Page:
From the moment you enter Gateway to India, you know you’re in for a special treat. The large pool of floating rose petals that greats you immediately gives a feeling of tranquility. Your breathing slows, and tensions of the day begin to slip away. Then the huge ornate metal statue of the multi-armed Hindu elephant god, Ganesh, transports you to the subcontinent as whiffs of curry spices fill the air.
It’s instantaneous travel without jet lag. When the thin, crisp, orange-tinged lentil bread, papadum, arrives and the hint of cumin seed awakens your palate, you can’t wait to see what other delights await on the menu. Then you may notice, as I did, that you’ve forgotten the special crunchy onion chutney the color of a bright pink sunset’s afterglow, teeming with lemon and spice. I’ve been inside less than ten minutes and all my senses are at the ready; Florida seems a distant memory.
I’m brought back to reality by the banarsi samosa, its triangular pastry crisp and bursting with softly spiced chunks of creamy potato infused with herbs and bright green garden peas. I grew to love samosas long ago, when I was befriended by a brilliant Indian couple eager to share their culture. I became a quick convert to one of the world’s great appetizers. Gateway’s version brings back floods of memory as I dip my wonderful samosa in the accompanying tamarind and mint sauces, which are delicious accents.
We also share an onion bhaaji, which is an Indian version of the onion ring. In this case, it’s finely sliced, delicately spiced with Indian herbs, then dipped in chickpea flour and deep-fried until crispy and delicious, especially since you can also mix-and-match it with the samosa sauces.
Of course, as far as I’m concerned, no Indian meal is complete without naan, the fresh-baked tandoori flatbread. Gateway offers many options to tantalize you: plain (with or without butter); freshly chopped garlic and cilantro; stuffed with finely ground raisins, pistachios and a touch of honey; lightly spiced with onions and cilantro; and “sexy naan” with fresh chopped green chilies and cilantro — in this case, sexy is synonymous with hot. The naan are light, comforting and full of flavor. There is also a variety of grilled or puffy whole-wheat breads for you to explore, including paratha, roti, and poori.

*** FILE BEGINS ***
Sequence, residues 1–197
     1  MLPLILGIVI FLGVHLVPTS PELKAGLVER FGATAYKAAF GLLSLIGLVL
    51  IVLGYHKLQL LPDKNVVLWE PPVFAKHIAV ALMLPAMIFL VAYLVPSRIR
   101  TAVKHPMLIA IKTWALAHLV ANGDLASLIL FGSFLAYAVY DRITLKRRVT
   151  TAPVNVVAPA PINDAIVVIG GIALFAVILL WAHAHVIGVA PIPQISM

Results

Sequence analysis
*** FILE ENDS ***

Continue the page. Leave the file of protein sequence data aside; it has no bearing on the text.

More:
The entrées feature a wide range of Indian specialties across the heat spectrum of delicious curries. Choose from chicken, fish, or lamb with the tang of vinegary vindaloo or a creamy tomato-based tikka masala. Chicken korma has juicy breast meat simmered in a lush thick sauce spiced with cashew paste that is splendid. If you wish to skip animal protein, naram garam kofta has a similar sauce, but uses homemade cheese and vegetables to make lighter-than-air dumplings flavored with cashews, cumin, and raisins. Both the texture and the flavor combos are delightful.
Perhaps you’ll fancy an entrée lightly smoked in the tandoor oven. The tandoori shrimp is marinated in hung yogurt (which thickens as the whey drips out) combined with saffron and hand-pounded spices. The brightly colored result is juicy shellfish with a hint of smoke and flavors that enchant as they mix with the accompanying fresh mint and tangy mango chutney.
If you’re a fan of India’s aromatic basmati rice, you can’t go wrong with a biryani. This combo of perfumed nutty rice with the zip of mint and your choice of veggies, chicken, shrimp, lamb, or goat is transporting. The long-grain rice is light and fluffy and doesn’t stick together. When combined with a delicate meat (we chose lamb), the tang of yogurt and a cornucopia of spices, you’ve got a dish with memorable complexity. Add raita, a cool, refreshing touch of grated cucumber with salty yogurt, and your taste buds will be sending enough instant messages to your brain to create a social network with a Bollywood soundtrack.
Desserts feature semi-exotic ice cream flavors (mango, rose, pistachio, orange), a fried Indian cottage cheese dumpling in cardamom syrup and our ultimate choice for sharing, kheer — a silky, almost soup-like loose rice pudding infused with floral kewra syrup and topped with a sprinkling of finely chopped nuts and raisins. I’m not a big fan of rice pudding generally, but the flavors are interesting and our table makes short work of the dessert.
Gateway to India is a great addition to the Bay area restaurant scene. After years of success in Sarasota, I’m glad that Sam and Beeta Kumar and company saw fit to cross the Sunshine Skyway and bring their version of authentic Indian cuisine to the ’Burg. Unless actually viewing the Taj Mahal in person is on your bucket list, save your rupees and drive on down to Bay Pines. It’s a very fine gateway to India, indeed.